Intel Woodcrest Performance Preview
Posted on: 05/17/2006 05:00 AM

Black & Scholes Kernel
In 1973, Black and Scholes developed a model for estimating the value of a stock option, which has been refined over the years to remove several assumptions, thus making techniques based on the model very accurate. Today, financial analysts rely on algorithms based on the Black and Scholes technique to determine the price of a stock option.

This benchmark constitutes of a kernel that implements a derivative of the Black and Scholes technique. The code was developed at SunGard, and utilizes a continuous fraction technique, which is more accurate than the more traditional polynomial approximation technique.

The workload for this benchmark comes in the form of loop iterations internal to the code. The number of steps used in calculating option price, is set to 1e8 (100,000,000) by default. This value can be changed via command line parameter. The number of threads to use can also be specified as a command line parameter.
The Black Scholes kernel benchmark is one that Jim and I were turned onto by the guys at Intel. The reason why it makes such a good benchmark is because it is a real world application and it is completely scalable. If you have two or thirty-two processors, it doesn't matter. Just specify the number of threads and the numbers of steps and have at it. We did have a few problems initially with the application that Intel provided as it would not run on our 64-bit operating systems at all. Luckily the good folks at Intel also provided us with the source code, and with a little help from our IRC/forum personality "AssKoala", we now have our very own 64-bit native binary (optimized and compiled in Visual Studio 2005 with the default Microsoft compiler).



This is the first real-world benchmark that I am presenting in this article, but in my actual testing, it was the last test I ran. Woodcrest's performance is good, but it is outclassed by the Dempsey and Opteron systems. After you see the rest of the performance tests in this article you'll understand why my red flag went up. After some discussion with the people at Intel, the thought was that maybe our compiler options are the culprit. It was suggested to me that recompiling our kernel for a Pentium III target would likely yield higer performance on Woodcrest. It should also be noted that the Opteron performance would likely increase with the new kernel as well.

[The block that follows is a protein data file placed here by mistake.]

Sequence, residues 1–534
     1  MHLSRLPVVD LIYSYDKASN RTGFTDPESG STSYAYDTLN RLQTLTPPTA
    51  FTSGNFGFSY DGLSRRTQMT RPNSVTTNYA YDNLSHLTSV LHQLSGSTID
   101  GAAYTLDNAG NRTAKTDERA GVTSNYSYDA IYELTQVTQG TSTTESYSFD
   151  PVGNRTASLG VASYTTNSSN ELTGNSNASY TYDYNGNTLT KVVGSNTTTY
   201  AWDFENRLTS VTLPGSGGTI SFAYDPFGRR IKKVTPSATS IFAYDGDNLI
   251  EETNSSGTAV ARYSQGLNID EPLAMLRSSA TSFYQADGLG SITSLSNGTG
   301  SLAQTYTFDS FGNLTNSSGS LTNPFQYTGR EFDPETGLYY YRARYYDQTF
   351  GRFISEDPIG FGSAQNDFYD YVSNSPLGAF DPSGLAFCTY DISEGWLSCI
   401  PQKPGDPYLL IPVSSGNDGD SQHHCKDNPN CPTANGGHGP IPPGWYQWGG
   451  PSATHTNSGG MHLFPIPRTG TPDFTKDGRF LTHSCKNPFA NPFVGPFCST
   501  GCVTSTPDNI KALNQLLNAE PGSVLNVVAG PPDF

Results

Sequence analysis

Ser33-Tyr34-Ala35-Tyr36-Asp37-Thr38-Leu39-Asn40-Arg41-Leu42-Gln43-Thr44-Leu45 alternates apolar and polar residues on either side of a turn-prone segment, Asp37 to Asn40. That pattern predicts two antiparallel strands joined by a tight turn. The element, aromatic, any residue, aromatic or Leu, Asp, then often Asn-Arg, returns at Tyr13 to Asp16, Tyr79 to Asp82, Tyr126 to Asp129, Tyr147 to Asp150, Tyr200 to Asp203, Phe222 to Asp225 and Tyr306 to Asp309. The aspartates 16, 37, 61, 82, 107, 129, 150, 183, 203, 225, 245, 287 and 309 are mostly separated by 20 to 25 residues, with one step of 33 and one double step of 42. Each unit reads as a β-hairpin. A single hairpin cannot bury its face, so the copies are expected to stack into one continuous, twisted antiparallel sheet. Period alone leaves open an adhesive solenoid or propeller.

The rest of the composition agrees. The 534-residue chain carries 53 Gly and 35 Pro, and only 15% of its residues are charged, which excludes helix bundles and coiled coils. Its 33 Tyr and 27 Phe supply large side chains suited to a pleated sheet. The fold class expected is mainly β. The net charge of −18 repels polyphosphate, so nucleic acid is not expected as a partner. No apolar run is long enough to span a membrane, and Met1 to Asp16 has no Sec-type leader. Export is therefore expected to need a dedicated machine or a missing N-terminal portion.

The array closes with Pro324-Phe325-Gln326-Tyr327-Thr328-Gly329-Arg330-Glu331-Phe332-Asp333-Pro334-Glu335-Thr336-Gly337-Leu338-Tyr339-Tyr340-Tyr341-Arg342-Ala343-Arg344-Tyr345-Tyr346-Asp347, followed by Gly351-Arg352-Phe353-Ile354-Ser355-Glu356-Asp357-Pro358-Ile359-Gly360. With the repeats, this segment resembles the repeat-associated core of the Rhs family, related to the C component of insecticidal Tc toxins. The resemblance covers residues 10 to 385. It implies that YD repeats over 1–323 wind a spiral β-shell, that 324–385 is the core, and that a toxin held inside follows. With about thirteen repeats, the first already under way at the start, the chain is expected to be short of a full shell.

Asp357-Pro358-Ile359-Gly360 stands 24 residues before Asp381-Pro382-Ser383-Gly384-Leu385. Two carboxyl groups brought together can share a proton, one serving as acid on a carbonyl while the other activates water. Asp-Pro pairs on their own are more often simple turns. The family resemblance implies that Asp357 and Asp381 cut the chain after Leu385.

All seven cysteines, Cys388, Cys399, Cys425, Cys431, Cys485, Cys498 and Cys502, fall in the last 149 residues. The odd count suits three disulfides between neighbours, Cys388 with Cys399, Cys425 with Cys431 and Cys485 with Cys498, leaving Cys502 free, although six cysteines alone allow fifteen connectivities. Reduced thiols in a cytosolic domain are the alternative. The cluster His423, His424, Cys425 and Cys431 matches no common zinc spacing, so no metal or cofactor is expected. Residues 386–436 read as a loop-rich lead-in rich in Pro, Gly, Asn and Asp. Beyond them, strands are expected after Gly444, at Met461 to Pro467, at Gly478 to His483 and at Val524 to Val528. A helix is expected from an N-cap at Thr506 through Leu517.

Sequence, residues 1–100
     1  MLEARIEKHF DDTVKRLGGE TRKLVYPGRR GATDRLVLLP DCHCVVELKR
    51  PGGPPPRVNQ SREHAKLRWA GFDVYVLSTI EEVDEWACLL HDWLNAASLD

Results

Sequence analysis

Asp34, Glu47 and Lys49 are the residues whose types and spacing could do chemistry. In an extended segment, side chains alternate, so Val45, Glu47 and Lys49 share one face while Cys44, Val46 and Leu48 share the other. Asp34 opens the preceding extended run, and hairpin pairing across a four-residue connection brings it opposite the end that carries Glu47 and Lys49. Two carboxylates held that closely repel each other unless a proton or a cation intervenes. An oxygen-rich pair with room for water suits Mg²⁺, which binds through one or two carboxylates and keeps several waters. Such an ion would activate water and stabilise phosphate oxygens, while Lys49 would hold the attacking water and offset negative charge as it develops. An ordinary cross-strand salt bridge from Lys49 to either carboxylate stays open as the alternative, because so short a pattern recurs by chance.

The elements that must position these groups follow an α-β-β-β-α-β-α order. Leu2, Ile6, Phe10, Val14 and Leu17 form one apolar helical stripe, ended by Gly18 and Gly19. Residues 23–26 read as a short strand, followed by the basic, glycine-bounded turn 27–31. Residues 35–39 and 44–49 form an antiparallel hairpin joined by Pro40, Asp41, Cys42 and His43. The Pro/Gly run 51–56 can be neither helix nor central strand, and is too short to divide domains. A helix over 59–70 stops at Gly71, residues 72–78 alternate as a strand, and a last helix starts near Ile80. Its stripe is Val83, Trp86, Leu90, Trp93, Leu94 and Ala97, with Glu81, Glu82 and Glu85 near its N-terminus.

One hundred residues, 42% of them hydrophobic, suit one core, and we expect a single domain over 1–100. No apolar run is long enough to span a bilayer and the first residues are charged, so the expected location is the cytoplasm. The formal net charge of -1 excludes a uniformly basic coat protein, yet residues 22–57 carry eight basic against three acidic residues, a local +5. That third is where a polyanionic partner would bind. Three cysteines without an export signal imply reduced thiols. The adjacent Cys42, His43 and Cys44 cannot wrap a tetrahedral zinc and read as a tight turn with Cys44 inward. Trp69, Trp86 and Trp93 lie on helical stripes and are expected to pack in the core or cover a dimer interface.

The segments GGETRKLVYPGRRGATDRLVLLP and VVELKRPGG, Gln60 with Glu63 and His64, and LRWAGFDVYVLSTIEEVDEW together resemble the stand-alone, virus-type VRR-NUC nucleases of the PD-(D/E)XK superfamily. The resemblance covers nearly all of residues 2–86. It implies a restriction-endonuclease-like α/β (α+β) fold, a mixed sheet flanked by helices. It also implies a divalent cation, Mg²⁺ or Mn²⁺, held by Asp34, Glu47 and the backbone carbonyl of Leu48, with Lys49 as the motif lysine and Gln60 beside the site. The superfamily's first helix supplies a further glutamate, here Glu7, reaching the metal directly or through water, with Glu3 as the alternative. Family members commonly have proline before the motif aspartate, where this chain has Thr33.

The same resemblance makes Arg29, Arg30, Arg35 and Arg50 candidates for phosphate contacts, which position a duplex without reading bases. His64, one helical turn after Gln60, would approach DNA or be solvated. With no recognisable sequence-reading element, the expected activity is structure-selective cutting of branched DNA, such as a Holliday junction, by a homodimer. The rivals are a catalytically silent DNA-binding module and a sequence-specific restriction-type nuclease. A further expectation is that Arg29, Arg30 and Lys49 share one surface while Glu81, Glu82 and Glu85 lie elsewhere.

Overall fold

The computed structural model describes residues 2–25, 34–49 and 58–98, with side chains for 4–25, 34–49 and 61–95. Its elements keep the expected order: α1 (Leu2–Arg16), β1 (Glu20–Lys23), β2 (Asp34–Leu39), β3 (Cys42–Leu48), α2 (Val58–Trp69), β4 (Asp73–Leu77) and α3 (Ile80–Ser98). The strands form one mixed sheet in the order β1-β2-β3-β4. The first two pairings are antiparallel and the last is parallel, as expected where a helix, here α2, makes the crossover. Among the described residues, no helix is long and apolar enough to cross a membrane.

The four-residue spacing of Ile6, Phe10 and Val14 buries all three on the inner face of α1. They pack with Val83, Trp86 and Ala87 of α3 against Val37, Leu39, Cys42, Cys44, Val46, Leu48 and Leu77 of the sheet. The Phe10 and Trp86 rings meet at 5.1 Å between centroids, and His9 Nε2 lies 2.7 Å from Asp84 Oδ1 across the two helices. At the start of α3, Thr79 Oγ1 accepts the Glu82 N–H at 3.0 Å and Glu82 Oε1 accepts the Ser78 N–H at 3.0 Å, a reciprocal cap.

I'll be exploring compiler options in the near future, but for now I'm presenting these numbers at face value. The kernel used was consistent for all systems, and as such, it represents a valid, if not "performance optimized" comparison.

Cinebench 64-bit Preview
CINEBENCH is the free benchmarking tool for Windows and Mac OS based on the powerful 3D software CINEMA 4D. The tool is set to deliver accurate benchmarks by testing not only a computer's raw processing speed but also all other areas that affect system performance such as OpenGL, multithreading, multiprocessors and Intel's new HT Technology.

CINEBENCH includes render tasks that test the performance of up to 16 multiprocessors on the same computer as well as software-only shading tests and OpenGL shading tests on huge numbers of animated polygons that will push any computer to its limits.
Cinebench has always been one of my favorite benchmarks, and now it's available in native, non-beta 64-bit!



In the Intel camp, Woodcrest completely out-classes its predecessors. The Opterons put on a stellar performance in CINEBENCH, but even they are no match for Woodcrest.


Printed from 2CPU.com (http://www.2cpu.com/contentteller.php?ct=articles&action=pages&page=intel_woodcrest_performance_preview,5.html)